Largely unnoticed but for a quick shoulder hug from her Nana Grace, Brecca wove through the maudlin forest of her father’s friends and relations, searching for her mother.
For most of the evening, Julie greeted those came to pay their respects at the large double doored entrance that separated the funeral home’s foyer from the impossibly long, wide room where Jimmy lay in state. Because normally the bereaved widow waited at the casket for They’d walked up to him side meshed to side when mourners, this breach of etiquette caused a log jam with visitors clogging the foyer and stretching out into the unusually warm spring night. Jimmy’s mother alternated being tears and artfully concealed fuming but her appeals to Jimmy’s father and the funeral director to convince Julie to follow protocol were ignored. Only Gemma dared approach her sister and retreated with a shrug when she saw the set of Julie’s jaw and color of her eyes. Gemma knew that square clench and storm gray stare. She’d never prevailed against it when they were children and wasn’t going to attempt to better that score now.
When they’d first arrived with Brecca’s slight arms locked around Julie’s waist and Julie leaning her head atop Brecca’s and her right arm draped in a protective loop across the back of the girl’s shoulders, they found that Jimmy’s family had arrived ahead of them and were already staking claims near the simple wood casket he’d chosen for himself months earlier.
Brecca had helped Julie and the hospice nurse on duty clean and dress her father in the half hour after his death before the funeral director had arrived with the hearse to take him away. Minus the suffocating hiss of the oxygen machine and the gurgle Jimmy’s throat emitted that reminded her of the burble of a hair clogged drain, the house was still, only the muted thump of the first strains of Welcome to the Jungle on a maddening Guitar Hero loop from the hillbillies next door to remind them that the world hadn’t actually come to an end.
The Jimmy who lay breathless and waxen in front of them was less Jimmy than his newly vacated form had been two days earlier. Painted, stuffed and sprouting hair in places that Julie was sure were long bare, he looked like the portraits of her great-grandparents. The ones colored after the fact with bright pastels in hopes of rendering life less black and white.
“Doesn’t he look wonderful,” his mother, Maggie, sighed as she attempted to wiggle her arm through Julie’s and failing at that settled for a double bear hug of both she and Brecca.
Brecca felt her mother stiffen and push her a little to the side to break Maggie’s hold.
“Yeah. Life like,” she replied.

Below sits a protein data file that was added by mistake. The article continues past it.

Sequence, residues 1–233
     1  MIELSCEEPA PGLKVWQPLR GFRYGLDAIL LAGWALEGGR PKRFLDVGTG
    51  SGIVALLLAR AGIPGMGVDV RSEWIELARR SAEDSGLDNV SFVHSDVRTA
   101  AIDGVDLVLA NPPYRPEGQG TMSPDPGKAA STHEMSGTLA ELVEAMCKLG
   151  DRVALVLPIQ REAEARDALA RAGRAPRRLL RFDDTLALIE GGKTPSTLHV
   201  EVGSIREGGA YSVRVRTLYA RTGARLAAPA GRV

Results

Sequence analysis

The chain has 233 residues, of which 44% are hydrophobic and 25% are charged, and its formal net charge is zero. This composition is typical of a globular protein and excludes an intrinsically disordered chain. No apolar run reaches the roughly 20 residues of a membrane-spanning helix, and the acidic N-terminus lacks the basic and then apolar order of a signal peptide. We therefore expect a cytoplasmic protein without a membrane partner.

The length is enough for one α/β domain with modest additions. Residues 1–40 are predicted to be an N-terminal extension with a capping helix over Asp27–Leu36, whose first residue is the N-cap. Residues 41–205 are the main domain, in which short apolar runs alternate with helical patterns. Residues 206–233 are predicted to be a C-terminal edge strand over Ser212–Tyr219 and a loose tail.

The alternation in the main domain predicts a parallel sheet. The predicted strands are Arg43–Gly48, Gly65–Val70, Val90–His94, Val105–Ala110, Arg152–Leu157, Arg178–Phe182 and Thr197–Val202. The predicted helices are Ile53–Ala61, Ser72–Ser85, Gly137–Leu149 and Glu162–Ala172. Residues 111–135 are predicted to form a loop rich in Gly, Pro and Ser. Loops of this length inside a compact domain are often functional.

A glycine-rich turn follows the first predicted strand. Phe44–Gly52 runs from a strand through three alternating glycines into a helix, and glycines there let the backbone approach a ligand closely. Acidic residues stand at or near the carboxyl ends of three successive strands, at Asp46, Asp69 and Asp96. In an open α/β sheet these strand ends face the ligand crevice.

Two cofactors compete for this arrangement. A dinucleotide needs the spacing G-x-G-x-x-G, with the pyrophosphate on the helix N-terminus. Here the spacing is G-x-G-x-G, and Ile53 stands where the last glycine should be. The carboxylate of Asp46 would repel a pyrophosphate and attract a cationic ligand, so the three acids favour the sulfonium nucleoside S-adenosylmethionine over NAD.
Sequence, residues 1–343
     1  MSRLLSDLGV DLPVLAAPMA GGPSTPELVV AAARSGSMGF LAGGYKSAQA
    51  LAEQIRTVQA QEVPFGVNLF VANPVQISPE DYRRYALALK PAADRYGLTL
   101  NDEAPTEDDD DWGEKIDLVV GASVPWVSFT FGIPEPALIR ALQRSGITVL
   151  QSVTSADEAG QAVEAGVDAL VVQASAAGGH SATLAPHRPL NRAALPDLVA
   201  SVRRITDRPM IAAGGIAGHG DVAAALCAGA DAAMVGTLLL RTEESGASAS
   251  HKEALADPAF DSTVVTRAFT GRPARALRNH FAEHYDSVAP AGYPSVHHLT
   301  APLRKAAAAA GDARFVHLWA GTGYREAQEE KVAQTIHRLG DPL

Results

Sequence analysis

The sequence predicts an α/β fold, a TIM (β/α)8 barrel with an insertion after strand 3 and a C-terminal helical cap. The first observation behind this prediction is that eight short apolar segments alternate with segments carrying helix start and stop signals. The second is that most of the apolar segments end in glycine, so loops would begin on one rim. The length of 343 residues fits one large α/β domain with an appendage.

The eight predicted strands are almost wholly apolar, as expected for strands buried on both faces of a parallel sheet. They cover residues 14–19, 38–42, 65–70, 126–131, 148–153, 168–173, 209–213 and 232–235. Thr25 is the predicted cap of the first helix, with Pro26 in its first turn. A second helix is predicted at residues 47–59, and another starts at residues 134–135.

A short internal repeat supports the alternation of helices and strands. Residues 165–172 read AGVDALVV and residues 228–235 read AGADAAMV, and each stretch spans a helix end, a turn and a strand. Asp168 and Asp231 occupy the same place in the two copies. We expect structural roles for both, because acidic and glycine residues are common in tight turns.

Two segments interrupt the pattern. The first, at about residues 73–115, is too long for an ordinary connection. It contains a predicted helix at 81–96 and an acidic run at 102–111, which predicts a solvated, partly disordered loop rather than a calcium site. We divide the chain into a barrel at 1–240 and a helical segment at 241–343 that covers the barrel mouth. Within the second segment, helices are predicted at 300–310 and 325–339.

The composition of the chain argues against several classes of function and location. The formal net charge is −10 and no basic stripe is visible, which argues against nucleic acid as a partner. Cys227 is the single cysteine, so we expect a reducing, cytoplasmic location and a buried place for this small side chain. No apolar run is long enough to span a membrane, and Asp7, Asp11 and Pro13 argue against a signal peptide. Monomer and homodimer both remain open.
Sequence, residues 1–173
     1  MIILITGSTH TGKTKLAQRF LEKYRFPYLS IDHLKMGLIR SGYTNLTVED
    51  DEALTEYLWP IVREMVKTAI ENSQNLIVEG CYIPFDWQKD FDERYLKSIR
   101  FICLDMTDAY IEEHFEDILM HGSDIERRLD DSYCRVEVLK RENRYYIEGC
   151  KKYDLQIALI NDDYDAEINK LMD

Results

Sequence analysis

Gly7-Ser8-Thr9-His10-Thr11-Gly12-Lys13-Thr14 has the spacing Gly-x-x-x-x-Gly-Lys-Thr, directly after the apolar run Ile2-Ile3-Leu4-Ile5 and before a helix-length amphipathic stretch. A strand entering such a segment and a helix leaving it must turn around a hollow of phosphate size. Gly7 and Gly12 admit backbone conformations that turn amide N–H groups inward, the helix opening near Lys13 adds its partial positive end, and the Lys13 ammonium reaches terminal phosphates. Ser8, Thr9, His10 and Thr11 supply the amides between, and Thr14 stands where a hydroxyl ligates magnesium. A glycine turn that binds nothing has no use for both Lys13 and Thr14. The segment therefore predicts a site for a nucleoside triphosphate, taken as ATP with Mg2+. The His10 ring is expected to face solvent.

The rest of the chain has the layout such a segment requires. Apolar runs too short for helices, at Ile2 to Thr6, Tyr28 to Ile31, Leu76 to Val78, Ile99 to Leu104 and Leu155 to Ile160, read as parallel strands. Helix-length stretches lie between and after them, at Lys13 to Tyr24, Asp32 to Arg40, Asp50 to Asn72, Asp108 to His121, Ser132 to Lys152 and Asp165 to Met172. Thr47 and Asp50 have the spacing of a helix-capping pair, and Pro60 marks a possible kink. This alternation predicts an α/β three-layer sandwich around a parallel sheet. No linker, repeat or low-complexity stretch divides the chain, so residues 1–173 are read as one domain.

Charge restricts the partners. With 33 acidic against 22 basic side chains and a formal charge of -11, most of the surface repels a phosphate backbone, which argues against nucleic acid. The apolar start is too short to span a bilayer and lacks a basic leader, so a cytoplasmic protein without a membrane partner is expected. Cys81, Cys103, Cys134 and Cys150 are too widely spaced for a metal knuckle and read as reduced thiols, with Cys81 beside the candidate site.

Brecca knew the tone and caught the smirk on Gemma’s face before she hid it under her hand.
“See Dan, I told you. He looks as good as he did alive. Before, ya know,” she said, glancing over her shoulder to address her ex-husband who sat without comment or expression on a love seat with his wife, Grace near the middle of the a row of seats clearly meant for family in the receiving line.
“I don’t see why we need a receiving line,” Julie had argued with Jimmy the day they’d sat on that same love seat, surveying the room while the funeral director went to find a catalogue of caskets for them to look through.
“Catholic wakes. Receiving lines,” Jimmy said. “It’s the way it’s done.”
“Since when you are so Catholic or traditional for that matter,” she groused as he slid an arm around her and pulled her close enough that she could feel drainage tubes hidden underneath his baggy quilted flannel. He kissed her cheek and snuggled her, the plastic tubing of his oxygen line cold against her skin.
“Funerals are for the living,” he replied.
“Well this living person doesn’t need a receiving line or wake either,” she said, not wanting to fight and yet starting one without being able to stop herself.
“Babydoll,” Jimmy’s tone was more breathy and she knew he was agitated, but how could he expect her to play perfect hostess for his loutish, disloyal friends and cater to his nerve shredding mother within days of his death?
Angry with herself and him, she brushed away hot tears with the sleeve of her favorite gray sweater and pursed her lips to keep back sobs that always were frustratingly near the surface.
“Brecca and I are the only living people who should matter,” she was finally able to whisper.
Jimmy chuckled softly, kissing her curls this time.
“Aw, baby, it’s not that simple. You’ll see.”
Julie saw the family lining up. Maggie positioned herself at the head and beckoned Julie to fill the next spot with a circular wave of her jingly ringed hand. The late afternoon light caught the zirconia and J.C.Penney gemstones creating a kaleidoscope effect that distracted Julie for a second before she smiled that divorced from her flat dewy eyes imitation of civility and said,
“I’d rather meet people at the door.”
She took Brecca’s hand firmly in her own and walked back them back they way they’d come. The room was filling and taking their cue from the family lining up like actors taking the stage, they began to make their way up to pay final respects. Few realized that the widow was striding past them but those who did stopped Julie and tentatively offered condolences. And told their stories.